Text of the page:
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I never used a SSD .

But reading so many articles about SSd performance , i'm thinking to change my HDD and to get a SSD.

But i've read that the SSD's lifetime is short comparing to a HDD.

My actual HDD ( Western digital Black ) has work more than 7 years ( intensive work almost every day) without any defect.

Is there any approximate lifetime for a SSD , and what's happen with stored data when a SSD lifetime is over ?

Thank you !

  • What i've found i wrote on my post. I've found that SSD lifetime is too short comparing with HDD. But i think on internet there are too many articles and not all have true information. For what i've made this question here , because i think this is a professional site. – Ferdi Mar 14 '16 at 20:15
  • In that case, try to format your question to be one question, and hopefully it will be unique enough not to be removed. – Bort Mar 14 '16 at 20:28
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    Data point: A SSD hosting multiple virtual machines, it was previously a system drive: 1 yr/8 mo work time, 98% of life remaining. These days they don't burn out under reasonable loads. (Using one as a cache for spinning rust is another matter--you certainly can burn them out that way.) – Loren Pechtel Mar 14 '16 at 20:30
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    How long a SSD is expected to last, is detailed in the specifications of the SSD, and dependent on the quality and type of the memory being used. There is no "general" lifetime estimate that exists for SSDs they all vary based on the make and model, all SSDs, indicate the expected lifetime writes though. – Ramhound Mar 14 '16 at 21:53
  • I'm reading the specifications for a SSD (Samsung EVO 850 1TB ) : Endurance 1.75M hrs MTBF. This means around 200 years !!!!! – Ferdi Mar 15 '16 at 0:12
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Here is a recent article on Google's experience with SSDs. It was based on:

  • Millions of drive days over 6 years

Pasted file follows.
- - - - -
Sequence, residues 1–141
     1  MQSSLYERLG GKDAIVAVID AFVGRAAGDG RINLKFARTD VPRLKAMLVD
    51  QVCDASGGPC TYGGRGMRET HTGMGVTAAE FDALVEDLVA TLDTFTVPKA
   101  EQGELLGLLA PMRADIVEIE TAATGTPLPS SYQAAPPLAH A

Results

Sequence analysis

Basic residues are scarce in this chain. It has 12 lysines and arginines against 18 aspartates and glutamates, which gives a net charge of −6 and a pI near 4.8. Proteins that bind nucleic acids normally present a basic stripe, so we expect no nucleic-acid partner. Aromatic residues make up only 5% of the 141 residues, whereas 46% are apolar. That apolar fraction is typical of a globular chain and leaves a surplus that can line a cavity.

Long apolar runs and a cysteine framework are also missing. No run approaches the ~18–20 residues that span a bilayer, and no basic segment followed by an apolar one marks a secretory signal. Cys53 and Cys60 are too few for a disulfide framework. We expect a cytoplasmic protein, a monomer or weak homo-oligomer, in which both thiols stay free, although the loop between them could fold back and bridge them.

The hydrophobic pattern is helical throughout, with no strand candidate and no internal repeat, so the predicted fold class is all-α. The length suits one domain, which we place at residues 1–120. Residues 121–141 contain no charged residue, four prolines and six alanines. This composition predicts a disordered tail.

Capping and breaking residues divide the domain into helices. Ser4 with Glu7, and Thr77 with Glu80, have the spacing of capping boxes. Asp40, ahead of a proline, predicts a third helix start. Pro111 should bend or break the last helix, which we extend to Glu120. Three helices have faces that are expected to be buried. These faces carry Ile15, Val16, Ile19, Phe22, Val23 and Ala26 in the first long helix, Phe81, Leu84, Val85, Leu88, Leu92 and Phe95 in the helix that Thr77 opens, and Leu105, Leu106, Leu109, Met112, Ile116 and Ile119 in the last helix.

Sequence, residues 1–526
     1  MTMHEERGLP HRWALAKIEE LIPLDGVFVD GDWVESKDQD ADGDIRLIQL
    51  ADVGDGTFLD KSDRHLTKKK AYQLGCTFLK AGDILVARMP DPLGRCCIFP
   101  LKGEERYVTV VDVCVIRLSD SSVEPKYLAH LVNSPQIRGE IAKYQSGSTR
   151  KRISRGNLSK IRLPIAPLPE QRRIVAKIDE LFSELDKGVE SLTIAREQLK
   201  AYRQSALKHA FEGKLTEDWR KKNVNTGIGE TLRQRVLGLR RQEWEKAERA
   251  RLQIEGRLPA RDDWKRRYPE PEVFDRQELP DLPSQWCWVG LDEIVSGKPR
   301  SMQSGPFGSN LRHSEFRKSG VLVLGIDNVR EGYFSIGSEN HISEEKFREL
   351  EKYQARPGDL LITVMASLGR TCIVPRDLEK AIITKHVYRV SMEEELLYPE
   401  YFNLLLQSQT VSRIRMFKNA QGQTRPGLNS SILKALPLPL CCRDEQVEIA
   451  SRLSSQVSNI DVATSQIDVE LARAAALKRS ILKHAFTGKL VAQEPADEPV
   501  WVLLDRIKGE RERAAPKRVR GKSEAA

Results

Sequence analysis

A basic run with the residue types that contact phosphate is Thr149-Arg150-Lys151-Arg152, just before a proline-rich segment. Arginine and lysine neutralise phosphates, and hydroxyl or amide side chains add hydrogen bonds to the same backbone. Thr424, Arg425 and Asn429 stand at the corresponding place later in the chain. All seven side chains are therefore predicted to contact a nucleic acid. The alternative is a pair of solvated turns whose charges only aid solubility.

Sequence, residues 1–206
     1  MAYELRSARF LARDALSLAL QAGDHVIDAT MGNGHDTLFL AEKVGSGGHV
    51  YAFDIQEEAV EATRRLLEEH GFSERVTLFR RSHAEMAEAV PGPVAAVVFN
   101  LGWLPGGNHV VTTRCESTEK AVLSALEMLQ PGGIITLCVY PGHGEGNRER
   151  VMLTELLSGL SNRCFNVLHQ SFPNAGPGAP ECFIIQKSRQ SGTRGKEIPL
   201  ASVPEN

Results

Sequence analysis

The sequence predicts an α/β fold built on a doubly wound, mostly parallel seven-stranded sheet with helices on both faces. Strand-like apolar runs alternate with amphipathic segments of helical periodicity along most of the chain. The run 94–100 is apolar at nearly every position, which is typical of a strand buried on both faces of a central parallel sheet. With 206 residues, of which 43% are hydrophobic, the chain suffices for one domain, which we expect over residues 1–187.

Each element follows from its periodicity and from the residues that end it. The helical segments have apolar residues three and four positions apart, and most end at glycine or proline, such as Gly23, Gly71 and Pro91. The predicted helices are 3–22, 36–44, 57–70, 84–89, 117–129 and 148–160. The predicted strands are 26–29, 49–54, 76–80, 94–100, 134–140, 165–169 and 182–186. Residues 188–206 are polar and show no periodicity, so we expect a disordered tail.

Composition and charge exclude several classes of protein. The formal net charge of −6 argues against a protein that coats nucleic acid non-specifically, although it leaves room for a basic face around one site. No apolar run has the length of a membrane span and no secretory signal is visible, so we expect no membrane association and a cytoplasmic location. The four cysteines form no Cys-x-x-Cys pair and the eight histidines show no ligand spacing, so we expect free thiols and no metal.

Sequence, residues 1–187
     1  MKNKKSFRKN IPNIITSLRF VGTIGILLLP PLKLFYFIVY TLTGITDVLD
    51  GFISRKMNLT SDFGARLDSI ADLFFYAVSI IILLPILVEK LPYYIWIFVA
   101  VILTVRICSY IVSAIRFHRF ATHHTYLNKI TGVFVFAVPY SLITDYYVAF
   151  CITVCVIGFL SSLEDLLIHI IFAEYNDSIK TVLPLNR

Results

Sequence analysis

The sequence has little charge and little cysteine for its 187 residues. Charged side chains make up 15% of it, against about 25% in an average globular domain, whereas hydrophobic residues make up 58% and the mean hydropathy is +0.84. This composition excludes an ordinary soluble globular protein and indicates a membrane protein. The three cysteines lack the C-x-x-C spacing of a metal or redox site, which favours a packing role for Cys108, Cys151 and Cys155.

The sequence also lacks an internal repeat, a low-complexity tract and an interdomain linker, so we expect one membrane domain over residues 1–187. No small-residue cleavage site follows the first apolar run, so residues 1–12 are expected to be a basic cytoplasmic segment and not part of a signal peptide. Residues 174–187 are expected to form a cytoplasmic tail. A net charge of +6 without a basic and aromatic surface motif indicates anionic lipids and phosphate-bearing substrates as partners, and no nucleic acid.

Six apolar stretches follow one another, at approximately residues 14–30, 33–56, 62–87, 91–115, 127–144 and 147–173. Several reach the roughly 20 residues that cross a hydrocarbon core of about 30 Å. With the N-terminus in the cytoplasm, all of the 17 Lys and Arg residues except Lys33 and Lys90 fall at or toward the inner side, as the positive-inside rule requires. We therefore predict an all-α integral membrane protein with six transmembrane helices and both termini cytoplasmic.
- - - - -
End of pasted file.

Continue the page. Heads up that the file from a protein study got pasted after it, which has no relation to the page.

• 10 different drive models
  • 3 different flash types: MLC, eMLC and SLC
  • Enterprise and consumer drives

Key conclusions

  • Ignore Uncorrectable Bit Error Rate (UBER) specs. A meaningless number.
  • Good news: Raw Bit Error Rate (RBER) increases slower than expected from wearout and is not correlated with UBER or other failures.
  • High-end SLC drives are no more reliable that MLC drives.
  • Bad news: SSDs fail at a lower rate than disks, but UBER rate is higher.
  • SSD age, not usage, affects reliability.
  • Bad blocks in new SSDs are common, and drives with a large number of bad blocks are much more likely to lose hundreds of other blocks, most likely due to die or chip failure.
  • 30-80 percent of SSDs develop at least one bad block and 2-7 percent develop at least one bad chip in the first four years of deployment.
  • SSD UBER rates are higher than disk rates, which means that backing up SSDs is even more important than it is with disks. The SSD is less likely to fail during its normal life, but more likely to lose data.
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  • Thank you , reading that article ( if all is true ) make me thinking again if i want to switch to SSD. – Ferdi Mar 15 '16 at 12:24
  • Yes, it makes me think twice as well. – Sander de Jong Mar 15 '16 at 12:28
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    External links can break or be unavailable, in which case your answer would not be useful. Please include the essential information within your answer and use the link for attribution and further reading. Thanks. – fixer1234 Mar 15 '16 at 17:18
  • There's a thing that i don't understand : This question has been responded , and the response has get a Up vote. But the question itself has 2 down votes. So a very bad Question that has a good response. !!!??? – Ferdi Mar 15 '16 at 22:40
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    @Ferdi: People evaluate each posting on its own merits. As of now, your question has 2 upvotes and 3 downvotes, so there's obviously differences of opinion, or people weigh the positives and negatives differently, or people thought poorly of the question until this answer was posted that provides a different perspective. A good answer can help to clarify a question or demonstrate its value. I think that's the case here. – fixer1234 Mar 20 '16 at 16:41
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This was asked 2 years ago and a good chance that you have already found out. But here is for everyone else. If you move around alot with a laptop, and travel alot with it the SSD has a longer lifespan since the HDD has moving parts and a SSD don't. SSDs are much faster, but they are also more expensive.

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    do you have any source for that? as it is, it sounds like an opinion. – flolilo Jan 7 '18 at 0:04
  • well completely depends how you use it, I should have added that. If you have a laptop and move around alot, the SSD have a greater lifespan. – Kim Rannström Jan 7 '18 at 0:15

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